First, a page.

However, the reforms also subjected citizens directly to state power. A secret police force was set up in the States to monitor possible protests . This could be used during the Restoration era to fight the political opposition. On the other hand, especially in southern Germany, there was a continuity between the Rhine-Bund constitutional approaches and the emergence of southern German constitutionalism after 1815.

The Rheinbund in historiography

One view was that Napoleon wanted to curb absolutism, another assumed that the Rhine Confederation was a purely military-based project to form buffer states against Austria and Prussia. Today one regards his innovations in the Rhineland and the middle states rather as a tool to grant a stabilization of the "Grand Empire" in order to establish a certain standardization in it. However, this desire for homogeneity arose mainly under the primacy of the interest in domination. The reforms carried out so extensively were intended to create a basis for quickly mobilizing the economic, financial and military resources of the allied states. The introduction of the 1789 ideas, with their principles of freedom and justice, were designed to make moral conquests. While Napoleon had initially spread the idea of ​​the nation state outside of France, the success of this idea in Spain, Germany and finally Russia made the survival of his state structures more difficult.

The Rhine Confederation and the reforms carried out by the member states have fallen to the verdict of the majority of historians at the latest since the Prussian historiography of the time the empire was founded . Heinrich von Treitschke spoke of the “historyless German middle states in the south”, in which abstract reason and natural legal arbitrariness according to the French template would have prevailed. There was talk of Napoleonic-particularist countries, above all the " Satrapenland Bavaria" under the half-French Montgelas. This was contrasted with the organic reforms and the “healthy German policy” of Prussia. For a long time, this perspective remained decisive for the image of the Rhine Confederation in some modifications. From the perspective of Franco-German “hereditary enmity”, the Napoleonic period was still regarded by some historians in the 1950s as a breach of continuity and “shameful years of foreign rule.” In contrast, the Prussian reforms were viewed as the prehistory of German unity. From a Greater German perspective, Franz Schnabel tried to establish the Rhine-Bund reforms as a separate line of tradition alongside the Prussian one in his 19th century German history in 1929, but was unable to assert himself against the still dominant direction.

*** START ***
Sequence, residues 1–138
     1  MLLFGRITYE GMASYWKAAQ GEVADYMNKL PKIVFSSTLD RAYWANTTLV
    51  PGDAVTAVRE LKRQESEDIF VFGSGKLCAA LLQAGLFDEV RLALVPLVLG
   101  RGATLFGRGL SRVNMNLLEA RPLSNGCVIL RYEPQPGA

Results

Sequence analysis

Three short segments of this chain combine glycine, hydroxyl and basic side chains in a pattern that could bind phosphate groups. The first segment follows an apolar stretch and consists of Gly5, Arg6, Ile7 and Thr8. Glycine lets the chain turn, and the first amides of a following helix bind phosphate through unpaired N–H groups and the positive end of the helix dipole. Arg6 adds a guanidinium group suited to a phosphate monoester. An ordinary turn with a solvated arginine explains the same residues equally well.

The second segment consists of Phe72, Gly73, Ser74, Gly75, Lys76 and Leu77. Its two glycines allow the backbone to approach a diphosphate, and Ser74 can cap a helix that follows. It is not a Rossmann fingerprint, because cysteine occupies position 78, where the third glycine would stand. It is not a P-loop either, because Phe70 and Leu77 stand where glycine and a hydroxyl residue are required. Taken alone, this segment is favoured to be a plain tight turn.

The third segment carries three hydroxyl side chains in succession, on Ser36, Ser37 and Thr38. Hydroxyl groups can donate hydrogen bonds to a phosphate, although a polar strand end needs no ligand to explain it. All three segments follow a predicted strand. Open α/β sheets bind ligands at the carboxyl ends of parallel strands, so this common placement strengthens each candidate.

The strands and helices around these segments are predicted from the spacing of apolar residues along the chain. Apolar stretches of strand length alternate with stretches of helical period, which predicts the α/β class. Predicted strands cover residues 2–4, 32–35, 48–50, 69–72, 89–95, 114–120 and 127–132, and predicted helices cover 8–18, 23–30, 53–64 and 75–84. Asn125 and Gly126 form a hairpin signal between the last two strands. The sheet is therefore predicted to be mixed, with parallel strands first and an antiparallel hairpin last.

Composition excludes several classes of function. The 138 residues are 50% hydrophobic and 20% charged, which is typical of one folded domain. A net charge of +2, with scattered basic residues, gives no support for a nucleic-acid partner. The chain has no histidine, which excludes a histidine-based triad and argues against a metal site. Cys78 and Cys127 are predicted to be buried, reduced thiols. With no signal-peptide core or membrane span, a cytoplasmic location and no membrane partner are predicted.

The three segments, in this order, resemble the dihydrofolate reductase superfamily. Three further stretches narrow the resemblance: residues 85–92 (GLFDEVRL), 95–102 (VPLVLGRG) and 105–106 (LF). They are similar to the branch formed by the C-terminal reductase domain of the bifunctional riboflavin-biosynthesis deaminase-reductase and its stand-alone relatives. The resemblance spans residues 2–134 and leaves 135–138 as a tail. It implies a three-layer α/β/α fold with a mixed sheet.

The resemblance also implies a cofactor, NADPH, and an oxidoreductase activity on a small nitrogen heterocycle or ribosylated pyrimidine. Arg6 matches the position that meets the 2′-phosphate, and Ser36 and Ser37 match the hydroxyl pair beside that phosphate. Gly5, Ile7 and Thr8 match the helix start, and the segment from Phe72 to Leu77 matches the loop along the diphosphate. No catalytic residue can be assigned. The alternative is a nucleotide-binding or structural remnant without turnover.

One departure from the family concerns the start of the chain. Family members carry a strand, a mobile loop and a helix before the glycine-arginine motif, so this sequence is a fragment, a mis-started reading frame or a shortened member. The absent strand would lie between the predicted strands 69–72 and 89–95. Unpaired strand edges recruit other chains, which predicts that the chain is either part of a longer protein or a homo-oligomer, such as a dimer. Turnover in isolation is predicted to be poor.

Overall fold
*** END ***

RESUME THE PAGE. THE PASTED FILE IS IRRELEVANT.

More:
In recent research there have been new perspectives since the 1970s. The investigation of the long-term and lasting effects of Napoleonic rule in Germany became important. It is also asked which changes in the states were based on older traditions and which went back directly to Napoleon. Was the era of the Rhine Confederation really a break or is it in the continuity of a reform tradition of German states? Since then, a departure from the previous Prussian-centered view of history has emerged. Alongside the Prussian reforms, the Rhine Confederation reforms have since played an equal role. Only relatively rarely, for example in Hans Fenske's overall account of German history, are the reforms in the Rhine Confederation rated as less important than those in Prussia. In the 1970s, the reforms of the Confederation of the Rhine were examined primarily under the auspices of modernization theory. In particular, the studies by Berding on the Kingdom of Westphalia, Fehrenbach on the reception of the Civil Code or Ullmann on finance stand for this direction. The - if you will - positive assessment of the Rhine Confederation as the engine of innovation can in principle also be found in the more recent general accounts of 19th century German history, for example by Thomas Nipperdey or Hans-Ulrich Wehler . This view also prevails in Paul Nolte's comparison between the Prussian and Rhine-Bund reforms. More recent research is beginning to differentiate this picture again by taking into account not only French influences, but also autochthonous aspects or by highlighting negative aspects of the Rhine Confederation era. A certain skepticism also exists with regard to the epochal turning point claimed by the modernization theorists. For example, reference is made to the tradition of statist reforms before the Rhine Confederation era. Nevertheless, the principle of equality between the Prussian and Rheinbündischen reforms is still maintained.